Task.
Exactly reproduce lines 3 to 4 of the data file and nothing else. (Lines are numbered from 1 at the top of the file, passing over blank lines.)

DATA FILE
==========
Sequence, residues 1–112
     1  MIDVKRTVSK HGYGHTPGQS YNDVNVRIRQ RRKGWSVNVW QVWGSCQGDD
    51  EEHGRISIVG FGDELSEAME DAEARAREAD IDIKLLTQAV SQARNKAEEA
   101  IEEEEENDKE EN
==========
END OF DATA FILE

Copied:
    51  EEHGRISIVG FGDELSEAME DAEARAREAD IDIKLLTQAV SQARNKAEEA
   101  IEEEEENDKE EN